X. Then Y is a Lindelöf Σ-space.
Theorem 0.11. Suppose that X is a space with a σ-disjoint base B, and that
Y is a remainder of X in a homogeneous compactification bX of X. Then
Y is a Lindelöf σ-space.
Corollary 0.12. Suppose that a space X is the union of a countable family
η of dense metrizable subspaces and that |X| ≤ 2ω . Then every remainder of
X in a compactification is a Lindelöf Σ-space.
In the opposite direction, we have:
Theorem 0.13. If a perfect space X has a remainder which is a Lindelöf
Σ-space, then X is a p-space.
Recall that a space X is perfect if every closed subset of X is a Gδ -set in
X.
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Theorem 0.14. Suppose that X is a Lindelöf space with a σ-disjoint base
B, and that Y is a remainder of X in a compactification bX of X. Then Y
is a Lindelöf Σ-space.
Fix a space Z and an arbitrary family S of open subsets of Z, and let Sδ
be the family of all sets that can be represented as the intersection of some
subfamily of S. We will say that the family S is a source of a subspace X in
Z if X is the union of some subfamily of Sδ .
We call a Tychonoff space X an s-space if it has a countable source in
some compactification of X [6].
Every Lindelöf p-space is an s-space. However, an s-space needn’t be a
p-space [6].
The next statement shows how s-spaces are related to Lindelöf Σ-spaces.
Proposition 0.15. A space X is an s-space if and only if any (some) remainder of X is a Lindelöf Σ-space.
The next result was obtained in [6]:
Theorem 0.16. If a perfect space X is an s-space, then X is a p-space.
The next result immediately follows from Proposition 0.15 and Theorem
0.16.
Corollary 0.17. If a perfect space X has a remainder which is a Lindelöf
Σ-space, then X is a p-space.
Theorem 0.23 can be used to show that certain Lindelöf spaces cannot be
represented as remainders of metrizable spaces. For example, we see that no
Lindelöf version L of the Michael line is a remainder of a metrizable space,
since it has a Gδ -diagonal, but is not metrizable. Observe that any version of
the Michael line has a metrizable remainder. We see that the two properties:
to have a metrizable remainder, and to be a remainder of a metrizable space,
are not equivalent. Clearly, this can occur only in the case of spaces that are
locally compact at some point.
Theorem 0.18. Under the Continuum Hypothesis CH, there exists a Lindelöf space X with a point-countable base such that no remainder of X is a
Lindelöf Σ-space.
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Proof. Assuming CH, E.K. van Douwen, F.D. Tall, and W. Weiss have
constructed a non-metrizable hereditarily Lindelöf space X with a pointcountable base [7].
Claim 1: No remainder Y of X in a compactification is a Lindelöf Σ-space.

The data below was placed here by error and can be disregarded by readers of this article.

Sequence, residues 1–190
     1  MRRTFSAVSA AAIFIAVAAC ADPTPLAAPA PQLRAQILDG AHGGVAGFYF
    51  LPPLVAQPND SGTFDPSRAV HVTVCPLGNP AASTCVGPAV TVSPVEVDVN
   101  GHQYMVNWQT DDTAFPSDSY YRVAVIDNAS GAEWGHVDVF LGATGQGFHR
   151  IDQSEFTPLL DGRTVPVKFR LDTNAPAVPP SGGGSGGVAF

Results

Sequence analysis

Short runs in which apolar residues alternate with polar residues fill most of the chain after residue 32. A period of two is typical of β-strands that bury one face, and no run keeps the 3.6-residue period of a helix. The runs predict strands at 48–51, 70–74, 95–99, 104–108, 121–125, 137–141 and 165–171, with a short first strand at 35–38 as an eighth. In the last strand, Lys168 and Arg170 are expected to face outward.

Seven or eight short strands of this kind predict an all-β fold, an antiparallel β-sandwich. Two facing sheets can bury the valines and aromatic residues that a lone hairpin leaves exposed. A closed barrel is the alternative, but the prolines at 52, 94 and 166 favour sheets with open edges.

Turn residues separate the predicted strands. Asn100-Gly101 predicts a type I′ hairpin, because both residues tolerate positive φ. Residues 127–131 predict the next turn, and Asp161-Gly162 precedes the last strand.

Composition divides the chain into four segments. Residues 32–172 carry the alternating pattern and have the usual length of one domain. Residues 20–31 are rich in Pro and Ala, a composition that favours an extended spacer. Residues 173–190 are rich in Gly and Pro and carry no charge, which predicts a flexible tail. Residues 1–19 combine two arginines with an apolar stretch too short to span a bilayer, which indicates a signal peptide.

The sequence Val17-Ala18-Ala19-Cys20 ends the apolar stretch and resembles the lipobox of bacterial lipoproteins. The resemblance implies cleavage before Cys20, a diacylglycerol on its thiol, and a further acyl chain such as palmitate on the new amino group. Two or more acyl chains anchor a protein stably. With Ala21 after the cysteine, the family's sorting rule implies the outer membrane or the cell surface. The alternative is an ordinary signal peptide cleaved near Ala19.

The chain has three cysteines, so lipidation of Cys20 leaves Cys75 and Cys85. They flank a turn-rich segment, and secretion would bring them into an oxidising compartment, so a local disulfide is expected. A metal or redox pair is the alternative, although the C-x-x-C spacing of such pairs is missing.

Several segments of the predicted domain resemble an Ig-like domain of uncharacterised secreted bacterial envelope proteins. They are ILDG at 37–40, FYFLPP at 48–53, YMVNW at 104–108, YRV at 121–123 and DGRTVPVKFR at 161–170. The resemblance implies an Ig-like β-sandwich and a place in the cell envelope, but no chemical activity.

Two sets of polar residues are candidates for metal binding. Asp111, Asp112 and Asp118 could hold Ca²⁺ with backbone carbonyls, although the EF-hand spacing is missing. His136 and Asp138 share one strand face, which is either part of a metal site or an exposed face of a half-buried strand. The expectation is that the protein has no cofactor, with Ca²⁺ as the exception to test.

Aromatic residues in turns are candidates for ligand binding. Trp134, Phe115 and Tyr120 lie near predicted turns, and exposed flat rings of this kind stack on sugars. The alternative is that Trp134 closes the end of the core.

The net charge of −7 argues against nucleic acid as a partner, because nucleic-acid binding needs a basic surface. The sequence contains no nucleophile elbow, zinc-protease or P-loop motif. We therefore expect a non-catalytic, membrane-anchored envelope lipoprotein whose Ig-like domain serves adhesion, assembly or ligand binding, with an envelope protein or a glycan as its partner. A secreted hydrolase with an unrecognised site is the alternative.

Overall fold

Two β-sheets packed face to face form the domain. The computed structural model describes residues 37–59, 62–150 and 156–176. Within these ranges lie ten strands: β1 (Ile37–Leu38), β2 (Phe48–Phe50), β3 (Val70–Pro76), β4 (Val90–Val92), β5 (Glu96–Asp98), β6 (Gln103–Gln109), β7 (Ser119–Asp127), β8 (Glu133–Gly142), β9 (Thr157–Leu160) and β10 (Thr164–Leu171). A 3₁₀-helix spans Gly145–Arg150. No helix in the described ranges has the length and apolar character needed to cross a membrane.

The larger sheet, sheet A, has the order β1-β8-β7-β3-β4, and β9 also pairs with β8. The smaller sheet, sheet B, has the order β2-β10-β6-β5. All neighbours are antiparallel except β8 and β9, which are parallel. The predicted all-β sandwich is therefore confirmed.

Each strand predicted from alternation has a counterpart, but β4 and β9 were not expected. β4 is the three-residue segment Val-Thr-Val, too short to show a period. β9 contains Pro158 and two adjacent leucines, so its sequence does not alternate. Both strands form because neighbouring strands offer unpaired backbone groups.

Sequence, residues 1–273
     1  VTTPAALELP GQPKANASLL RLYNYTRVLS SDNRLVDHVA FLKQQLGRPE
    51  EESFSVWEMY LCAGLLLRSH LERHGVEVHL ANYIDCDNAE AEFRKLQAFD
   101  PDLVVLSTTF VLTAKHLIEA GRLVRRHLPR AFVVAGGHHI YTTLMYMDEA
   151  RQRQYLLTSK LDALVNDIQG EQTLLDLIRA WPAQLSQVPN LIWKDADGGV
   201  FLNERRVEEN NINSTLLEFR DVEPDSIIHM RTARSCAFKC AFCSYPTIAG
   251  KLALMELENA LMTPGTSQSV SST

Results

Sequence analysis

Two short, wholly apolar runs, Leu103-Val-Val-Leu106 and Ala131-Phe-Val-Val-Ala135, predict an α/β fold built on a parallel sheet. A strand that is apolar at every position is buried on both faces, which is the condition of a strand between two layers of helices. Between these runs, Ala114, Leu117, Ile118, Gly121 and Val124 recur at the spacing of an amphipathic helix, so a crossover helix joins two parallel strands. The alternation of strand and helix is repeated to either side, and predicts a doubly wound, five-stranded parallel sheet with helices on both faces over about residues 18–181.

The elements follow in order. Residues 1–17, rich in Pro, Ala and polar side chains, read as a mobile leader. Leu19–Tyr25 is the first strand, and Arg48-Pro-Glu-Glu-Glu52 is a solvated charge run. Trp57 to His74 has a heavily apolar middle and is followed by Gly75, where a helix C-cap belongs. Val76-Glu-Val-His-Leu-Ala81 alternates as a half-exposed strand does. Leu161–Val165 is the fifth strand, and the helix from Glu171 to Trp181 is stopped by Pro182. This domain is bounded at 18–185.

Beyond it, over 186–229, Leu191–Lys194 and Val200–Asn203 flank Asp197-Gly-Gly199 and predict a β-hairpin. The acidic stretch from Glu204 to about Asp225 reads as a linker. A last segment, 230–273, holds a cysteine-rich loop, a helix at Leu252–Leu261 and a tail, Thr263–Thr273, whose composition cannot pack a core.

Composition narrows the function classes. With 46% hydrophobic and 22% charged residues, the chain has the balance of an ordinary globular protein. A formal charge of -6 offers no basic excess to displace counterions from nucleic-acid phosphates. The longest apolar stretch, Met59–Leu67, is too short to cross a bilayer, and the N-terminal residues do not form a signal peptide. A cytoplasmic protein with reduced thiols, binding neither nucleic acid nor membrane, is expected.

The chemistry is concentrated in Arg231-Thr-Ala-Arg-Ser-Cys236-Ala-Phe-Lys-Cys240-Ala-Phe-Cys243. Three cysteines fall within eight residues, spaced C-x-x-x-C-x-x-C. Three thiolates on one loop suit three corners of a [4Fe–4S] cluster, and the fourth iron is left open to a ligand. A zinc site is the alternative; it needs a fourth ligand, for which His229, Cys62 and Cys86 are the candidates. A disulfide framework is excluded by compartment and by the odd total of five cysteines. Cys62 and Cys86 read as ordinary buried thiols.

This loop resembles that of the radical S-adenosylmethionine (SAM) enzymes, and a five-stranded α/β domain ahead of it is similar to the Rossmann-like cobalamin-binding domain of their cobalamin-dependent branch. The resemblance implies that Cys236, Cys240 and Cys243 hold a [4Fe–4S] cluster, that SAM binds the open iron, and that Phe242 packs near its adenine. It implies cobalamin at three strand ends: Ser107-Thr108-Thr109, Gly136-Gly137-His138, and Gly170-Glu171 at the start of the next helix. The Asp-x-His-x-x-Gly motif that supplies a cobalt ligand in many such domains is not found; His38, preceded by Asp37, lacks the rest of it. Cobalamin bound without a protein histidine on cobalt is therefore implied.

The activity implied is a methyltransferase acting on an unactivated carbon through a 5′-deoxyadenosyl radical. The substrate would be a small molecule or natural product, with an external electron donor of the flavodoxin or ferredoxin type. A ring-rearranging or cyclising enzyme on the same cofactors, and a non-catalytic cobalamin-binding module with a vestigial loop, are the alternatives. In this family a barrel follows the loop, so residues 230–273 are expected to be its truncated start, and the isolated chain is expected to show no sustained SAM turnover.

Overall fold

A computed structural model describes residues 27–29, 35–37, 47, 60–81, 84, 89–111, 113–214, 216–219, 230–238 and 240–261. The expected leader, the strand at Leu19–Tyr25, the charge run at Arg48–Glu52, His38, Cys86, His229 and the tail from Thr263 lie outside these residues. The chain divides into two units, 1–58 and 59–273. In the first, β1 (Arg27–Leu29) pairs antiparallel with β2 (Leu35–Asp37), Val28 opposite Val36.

Assume the contrary. Then, by Proposition 0.15, X is an s-space. The
space X is also perfect, since it is hereditarily Lindelöf. Therefore, it follows
from Theorem 0.16 that X is a p-space. Since X is a Lindelöf p-space with
a point-countable base, we conclude that X is metrizable, - a contradiction.
Claim 1 is established.
Problem 0.19. Is there in ZFC a Lindelöf space X with a point-countable
base such that no remainder of X is a Lindelöf Σ-space?
Problem 0.20. Is any remainder of an arbitrary space with a σ-disjoint base
a charming space?
Let n be a positive natural number. We will call a space X n-charming, if
X is homeomorphic to a closed subspace of the product of n charming spaces.
A space X is ω-charming, if X is homeomorphic to a closed subspace of the
product of a countable family of charming spaces.
Theorem 0.21. If a space X is the union of ≤ n (of countably many) of
dense metrizable subspaces, then its remainder in any compactification is an
n-charming space (an ω-charming space, respectively).
Theorem 0.22. If a remainder Y of a metrizable space X in a compactification bX is a subspace of a symmetrizable space, then Y is separable and
metrizable, and bX is an Eberlein compactum.
Every compact space can be easily represented as the remainder of a
discrete (hence, metrizable) space. Therefore, the next theorem can be interpreted as a generalization of the well known theorem on metrizability of
every compact space with a point-countable base [8].
Theorem 0.23. Suppose that X is a paracompact p-space, and that Y is
a remainder of X with a point-countable base. Then Y is separable and
metrizable.
The last result confirms the point of view (see [5], [4]) that remainders
of metrizable spaces often behave like compacta. Probably, this is especially
true for theorems on cardinal invariants.
There are many interesting open questions ivolving the concept of charming space and its generalization to other topological properties.
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References